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Outsourced VoIP helps devastated company recover

Outsourced VoIP helped a Berkeley company keep up business as usual after a fire destroyed its offices.

Outsourced VoIP came in clutch for Cool Systems Inc. after their Berkeley, Calif., offices were ravaged by fire and left in a smoldering pile of rubble.

On the evening of July 1, 2005 -- the start of Independence Day weekend -- flames tore through Cool Systems Inc., which operates as Game Ready, a company that makes medical devices to accelerate recovery from sports-related injuries.

"We couldn't salvage anything," said Cool Systems vice president Marty Reed.

The fire not only destroyed the physical building, but corporate phones were destroyed, melted beyond saving. For Cool Systems, answering calls is central to business. Sales calls, customer questions and other phone-related business are important components.

Luckily, not long before the fire, Cool Systems chose an outsourced, hosted VoIP system from CallTower, Reed said. CallTower handles many of Cool Systems' voice and data needs, such as call routing, voicemail, 800 numbers, call center and Internet. Reed said he was able to log onto CallTower's Web site and select where incoming calls should be routed. He personally had calls forwarded to his home. For other needs, a quick call to CallTower helped the "speedy and flexible adjustments." If customers called and got a voicemail, it was the same voicemail system they would've accessed before the fire.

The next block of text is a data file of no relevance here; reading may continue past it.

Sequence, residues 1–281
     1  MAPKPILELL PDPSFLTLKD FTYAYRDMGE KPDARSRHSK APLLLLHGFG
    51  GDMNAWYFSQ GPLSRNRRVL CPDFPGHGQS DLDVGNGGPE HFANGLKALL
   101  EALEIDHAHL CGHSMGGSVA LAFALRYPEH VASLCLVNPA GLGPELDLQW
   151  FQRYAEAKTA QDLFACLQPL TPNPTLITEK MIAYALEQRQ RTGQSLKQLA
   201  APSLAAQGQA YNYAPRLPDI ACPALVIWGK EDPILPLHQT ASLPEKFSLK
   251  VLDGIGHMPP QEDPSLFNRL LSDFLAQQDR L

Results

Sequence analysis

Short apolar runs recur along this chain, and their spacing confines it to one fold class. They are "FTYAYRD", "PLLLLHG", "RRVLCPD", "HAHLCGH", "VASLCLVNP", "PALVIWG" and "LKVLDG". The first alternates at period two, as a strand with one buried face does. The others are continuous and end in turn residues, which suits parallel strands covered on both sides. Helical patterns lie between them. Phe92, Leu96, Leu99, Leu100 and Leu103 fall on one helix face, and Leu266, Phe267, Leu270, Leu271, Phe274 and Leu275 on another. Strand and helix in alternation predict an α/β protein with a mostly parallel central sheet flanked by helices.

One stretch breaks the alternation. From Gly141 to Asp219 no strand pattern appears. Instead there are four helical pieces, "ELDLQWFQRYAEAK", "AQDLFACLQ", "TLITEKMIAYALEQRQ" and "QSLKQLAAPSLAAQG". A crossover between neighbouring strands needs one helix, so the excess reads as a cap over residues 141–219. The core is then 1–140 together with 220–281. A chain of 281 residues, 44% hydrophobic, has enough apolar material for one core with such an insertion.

"All of our phones had been destroyed," Reed said. "Because all of our calls come through CallTower, our voice system never went down."

Cool Systems had an extended holiday weekend to get things back on track. That year, July 4 fell on a Monday. With a few service and support calls and some adjustments in CallTower's Web interface, most business-related calls to Cool Systems were rerouted to employees' home and cell phones, meaning that customers calling in would have no clue the building had burned to the ground -- unless, of course, they saw the massive amount of news coverage of the fire.

"From a customer perspective, it was business as usual," Reed said. "Our customer service was literally sitting in the parking lot of a no-longer-standing building answering calls. We were sitting in lawn chairs. The concept of a virtual office was taken to a new height at that point."

A few days later, Cool Systems was in a new office space. It took less than a week to be back up and fully operational.

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"Our fire was public," Reed said, noting the enormous news coverage. "Being able to show the world that Tuesday morning, 'No, we're up and running,' was great for us. Our company could've been destroyed. If we had not had data and voice backups, we might not have even tried to bring the company back."

Overall, Reed said, Cool Systems' business took a small hit in July, but the growth and momentum the company started to see before the fire resumed a short time later.

Cool Systems had been with CallTower for about 18 months prior to the fire. Before that, the company had a traditional TelRad phone system with an in-house server. Had a fire occurred under the old system, the cost to replace and fix would have been astronomical, Reed said -- not to mention the time it would've taken to reprogram the server and add the new phones.

The biggest lesson of the fire, according to Reed, was the need to have an iron-clad business interruption plan in place. He said there's no way to plan for disasters such as the fire, but having a plan in place to enable an impromptu off-site office unbeknownst to a customer is imperative.

"There's no question that I will continue to use outsourced solutions in the future," Reed said. "It's invaluable."

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